If you recently moved to Ohio, you may have heard a neighbor lament about the “RITA Tax.” But what is the “RITA Tax?” You may be surprised to learn that the “RITA Tax” does not exist. RITA, simply put, is a method that some Ohio municipalities use to collect taxes. RITA has no authority to levy taxes, and is not responsible for the rates that a municipality set.

Cities and villages in Ohio have the option to use RITA to collect municipal tax. About one half of the municipalities in Ohio that have a tax utilize RITA. Some RITA municipalities include Maineville, Loveland and Waynesville. However, municipalities are not required to use RITA. Those communities collect their own taxes, and generally have their own tax office. Communities with their own tax office include Mason, Lebanon and South Lebanon.

RITA does have some advantages for the taxpayer. Their website (ritaohio.com) is robust and informative. They provide a mechanism for taxpayers to file and pay online through FastFile. Taxpayers can pay with a credit card, but will incur a 2.75% third party service fee. Many professional tax software programs also allow taxpayers to file their returns electronically through RITA. Taxpayers who pay with a check or by bank withdrawal will not incur a service charge.

So what are the disadvantages of living in a RITA municipality (other than having to pay municipal income tax)? RITA charges municipalities a service charge for the taxes they collect. These charges reduce the local municipalities revenue. Also, RITA is located in Brecksville, Ohio, between Cleveland and Akron. While RITA employees are generally proficient and competent, local taxpayers may find the service distant and impersonal.By contrast, locally administered taxing agencies tend to be more attuned and responsive to taxpayer’s needs. In fact, some local municipalities have employees who will sit down with the taxpayer and prepare their municipal tax forms free of charge.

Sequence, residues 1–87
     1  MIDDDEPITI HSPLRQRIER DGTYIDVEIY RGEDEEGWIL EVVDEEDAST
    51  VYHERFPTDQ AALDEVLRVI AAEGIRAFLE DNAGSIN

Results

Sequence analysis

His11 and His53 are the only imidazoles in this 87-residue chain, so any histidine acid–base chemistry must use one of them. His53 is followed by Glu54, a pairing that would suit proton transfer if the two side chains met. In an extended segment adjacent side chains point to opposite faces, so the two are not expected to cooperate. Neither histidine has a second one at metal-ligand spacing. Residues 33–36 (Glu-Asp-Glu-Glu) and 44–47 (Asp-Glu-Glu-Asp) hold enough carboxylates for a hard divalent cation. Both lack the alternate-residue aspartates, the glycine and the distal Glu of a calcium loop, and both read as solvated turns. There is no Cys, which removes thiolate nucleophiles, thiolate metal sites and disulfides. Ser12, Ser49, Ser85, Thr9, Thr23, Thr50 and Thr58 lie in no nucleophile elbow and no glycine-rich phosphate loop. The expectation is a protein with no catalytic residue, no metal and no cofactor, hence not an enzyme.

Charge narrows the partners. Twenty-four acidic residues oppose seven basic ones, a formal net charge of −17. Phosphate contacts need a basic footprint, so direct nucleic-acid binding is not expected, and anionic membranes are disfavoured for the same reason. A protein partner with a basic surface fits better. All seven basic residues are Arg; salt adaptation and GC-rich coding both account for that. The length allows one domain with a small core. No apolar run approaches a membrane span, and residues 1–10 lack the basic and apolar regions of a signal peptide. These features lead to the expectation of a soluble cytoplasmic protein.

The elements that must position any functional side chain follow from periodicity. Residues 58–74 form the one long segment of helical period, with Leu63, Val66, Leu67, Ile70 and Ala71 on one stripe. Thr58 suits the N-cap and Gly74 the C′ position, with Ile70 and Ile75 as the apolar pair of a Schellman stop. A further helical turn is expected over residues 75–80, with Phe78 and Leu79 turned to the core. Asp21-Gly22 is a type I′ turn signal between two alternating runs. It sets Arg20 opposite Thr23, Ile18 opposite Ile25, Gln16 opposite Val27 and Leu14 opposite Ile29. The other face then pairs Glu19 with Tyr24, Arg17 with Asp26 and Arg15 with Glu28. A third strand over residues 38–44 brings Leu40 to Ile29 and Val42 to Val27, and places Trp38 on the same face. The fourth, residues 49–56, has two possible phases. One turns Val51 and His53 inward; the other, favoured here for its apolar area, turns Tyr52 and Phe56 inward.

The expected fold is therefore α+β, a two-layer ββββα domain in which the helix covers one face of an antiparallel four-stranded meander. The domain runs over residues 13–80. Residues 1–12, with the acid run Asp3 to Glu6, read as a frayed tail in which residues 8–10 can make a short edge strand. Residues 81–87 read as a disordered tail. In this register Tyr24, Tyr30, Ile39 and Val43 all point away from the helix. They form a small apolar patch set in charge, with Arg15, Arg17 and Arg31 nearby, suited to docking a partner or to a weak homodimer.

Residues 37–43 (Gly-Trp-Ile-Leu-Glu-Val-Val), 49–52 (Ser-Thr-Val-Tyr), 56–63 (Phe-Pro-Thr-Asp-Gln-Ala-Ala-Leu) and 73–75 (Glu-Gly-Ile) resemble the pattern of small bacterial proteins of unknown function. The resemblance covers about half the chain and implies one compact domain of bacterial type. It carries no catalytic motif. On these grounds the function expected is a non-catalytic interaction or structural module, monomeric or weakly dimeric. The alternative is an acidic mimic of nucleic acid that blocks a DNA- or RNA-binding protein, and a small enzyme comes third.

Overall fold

Regardless of whether you live in a RITA municipality, do not overlook the possibility that you will have to file a municipal income tax return by April 15th. If you receive a letter from RITA or your local municipality, do not ignore it. A trained tax professional can help you navigate the complicated rules of municipal income tax, save you time, and in many cases – money.

The author, Bryan Corcoran, Esq, is a retired Marine Judge Advocate. He earned his J.D. and Masters in Taxation from the University of Akron in 1997. He is currently a Tax Analysts for Heritage Income Tax. The views expressed in this paper are his own, and are not intended as a substitute for professional tax planning or legal advice.

Due to the fees, some municipalities find it more cost efficient to administer their own taxing program.

A review of RITA on the Better Business Bureau’s website indicates a one-star rating from nearly every (unhappy) taxpayer. https://www.bbb.org/us/oh/cleveland/profile/tax-return-preparation/regional-income-tax-agency-0312-20000298/customer-reviews